According to Darry Stuart, president of DWS Fleet Services, a Connecticut-based limited-time maintenance executive service, it's important that fleets understand the implications of CSA 2010 - especially the vehicle maintenance BASIC.
"The driver and his boss are going to take the brunt. They will have to be more responsible and their records will pinpoint weaknesses. The maintenance department should not see any real changes if it has a reasonable program, performs PMs on time and responds to the driver vehicle condition report (DVCR), the driver vehicle inspection report (DVIR) and the vehicle condition reports (VCR)," he says.
The DVIR is required by Title 49 CFR 396.11. The report must cover at least the following parts and accessories:
* Service brakes, including trailer brake connections
* Parking brake
* Steering mechanism
* Lighting devices and reflectors
* Windshield wipers
* Rear vision mirrors
* Coupling devices
* Wheels and rims
* Emergency equipment
Before requiring or permitting a driver to operate a vehicle, all repairs reported on the DVIR must be made to any defect or deficiency listed that would be likely to affect the safety of operation of the vehicle.
As drivers become more aware that these violations will affect their standing under CSA 2010 as well, they are going to become very reluctant to take out a truck that the daily walk-around shows to have likely mechanical violations. Drivers will also have to be more rigorous with their pre-trip inspections if they are not to gather their own points for maintenance violations. This will greatly exacerbate the problem of late dispatch, where a truck first has to go back around to have problems fixed before the driver will accept it.
"Thus the trucks more than ever will have to be on the 'ready' line free of defects," Stuart says.
Stuart says CSA 2010 may finally give maintenance professionals "what we have always wanted and preached: a detailed post-trip VCR, so we can make the vehicle ready for the next dispatch. What we don't want is finding faults on the pre-trip. This means the driver could possibly be late on a load because what should have been a post-trip repair would turn into a dispatch delay on the next pre-trip. And that's providing someone is available for repair."
Lighting & wiring
According to both Rair and Vigillo data, the most frequent causes for violations are, in this order, lamps, brakes, and tires. These must obviously be a focus of the maintenance department, whether drivers write them up in the DVIRs or not.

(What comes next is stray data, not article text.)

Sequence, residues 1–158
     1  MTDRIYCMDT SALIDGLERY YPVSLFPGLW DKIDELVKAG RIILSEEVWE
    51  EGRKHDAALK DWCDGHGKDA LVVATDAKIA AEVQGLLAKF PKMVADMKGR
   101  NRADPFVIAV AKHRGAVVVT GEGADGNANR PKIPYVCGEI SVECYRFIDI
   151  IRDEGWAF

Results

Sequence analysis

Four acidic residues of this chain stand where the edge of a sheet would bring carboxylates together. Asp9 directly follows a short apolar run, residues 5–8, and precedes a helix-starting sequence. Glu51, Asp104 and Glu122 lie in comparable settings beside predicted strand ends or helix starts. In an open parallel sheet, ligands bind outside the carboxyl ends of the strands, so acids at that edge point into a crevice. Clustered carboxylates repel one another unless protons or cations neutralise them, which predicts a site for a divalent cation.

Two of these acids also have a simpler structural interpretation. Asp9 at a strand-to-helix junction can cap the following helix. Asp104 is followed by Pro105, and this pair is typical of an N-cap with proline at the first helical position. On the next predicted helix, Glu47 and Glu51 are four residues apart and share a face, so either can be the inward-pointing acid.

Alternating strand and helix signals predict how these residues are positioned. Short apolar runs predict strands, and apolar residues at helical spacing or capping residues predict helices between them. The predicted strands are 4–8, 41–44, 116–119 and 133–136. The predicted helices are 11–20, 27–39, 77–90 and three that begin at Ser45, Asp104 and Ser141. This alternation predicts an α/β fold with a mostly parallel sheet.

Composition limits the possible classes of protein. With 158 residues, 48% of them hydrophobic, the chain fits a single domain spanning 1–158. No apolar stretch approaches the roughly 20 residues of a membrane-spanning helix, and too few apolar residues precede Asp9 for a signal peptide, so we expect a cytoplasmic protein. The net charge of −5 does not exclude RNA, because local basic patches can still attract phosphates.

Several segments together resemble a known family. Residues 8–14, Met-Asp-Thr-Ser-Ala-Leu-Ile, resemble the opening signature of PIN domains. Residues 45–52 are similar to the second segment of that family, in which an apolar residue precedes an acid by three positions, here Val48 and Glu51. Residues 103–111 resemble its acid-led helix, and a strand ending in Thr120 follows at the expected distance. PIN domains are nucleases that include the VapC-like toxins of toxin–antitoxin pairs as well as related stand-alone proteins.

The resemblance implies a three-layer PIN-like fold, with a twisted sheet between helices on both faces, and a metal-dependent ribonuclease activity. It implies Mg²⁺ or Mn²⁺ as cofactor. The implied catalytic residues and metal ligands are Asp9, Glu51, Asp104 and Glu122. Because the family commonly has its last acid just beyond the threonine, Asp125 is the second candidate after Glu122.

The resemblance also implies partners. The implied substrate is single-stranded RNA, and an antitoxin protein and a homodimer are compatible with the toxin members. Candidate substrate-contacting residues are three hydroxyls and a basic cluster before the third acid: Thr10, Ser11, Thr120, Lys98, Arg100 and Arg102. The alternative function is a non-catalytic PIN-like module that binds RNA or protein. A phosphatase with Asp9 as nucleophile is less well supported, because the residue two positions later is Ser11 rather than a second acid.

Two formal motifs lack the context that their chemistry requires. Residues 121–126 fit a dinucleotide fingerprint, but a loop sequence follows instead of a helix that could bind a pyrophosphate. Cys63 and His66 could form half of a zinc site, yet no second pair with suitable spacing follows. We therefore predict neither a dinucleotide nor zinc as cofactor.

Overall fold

Stuart says lamps have been an issue for years. Inspecting equipment whenever it is at the terminal is paramount, including trailers. Giving drivers spare bulbs is not the answer, because lamps have been made theft-proof over the years and drivers can't get into them. Spec'ing LED lighting makes increasing sense, as the lifetime operation of these lighting sources lessens the exposure to lighting violations.
"That being said, we should be preparing for some intensity in this area, because if you find yourself scrambling, shame on your maintenance system," says Stuart, who is a past chairman of the American Trucking Associations' Technology and Maintenance Council. "Tune it up quickly. The days of the driver being dispatched with a light out and a claim it just failed 20 miles ago are gone."
Wiring problems can be spotted and shorts and other on-the-road problems averted by simply spending more time at PMs inspecting wiring for corrosion, chafing and poor routing that causes tension or flexing that will fail the conductor inside the sheathing.
And take those sharp-tipped connectivity tracers away from technicians. Any break in the insulation will almost certainly bring corrosion in its wake and frustrate the integrity of sealed harnesses that suppliers like Grote, Phillips and Truck-Lite have worked so hard to achieve.
Brakes are high on enforcement's list of priorities for obvious reasons. Stuart says brake re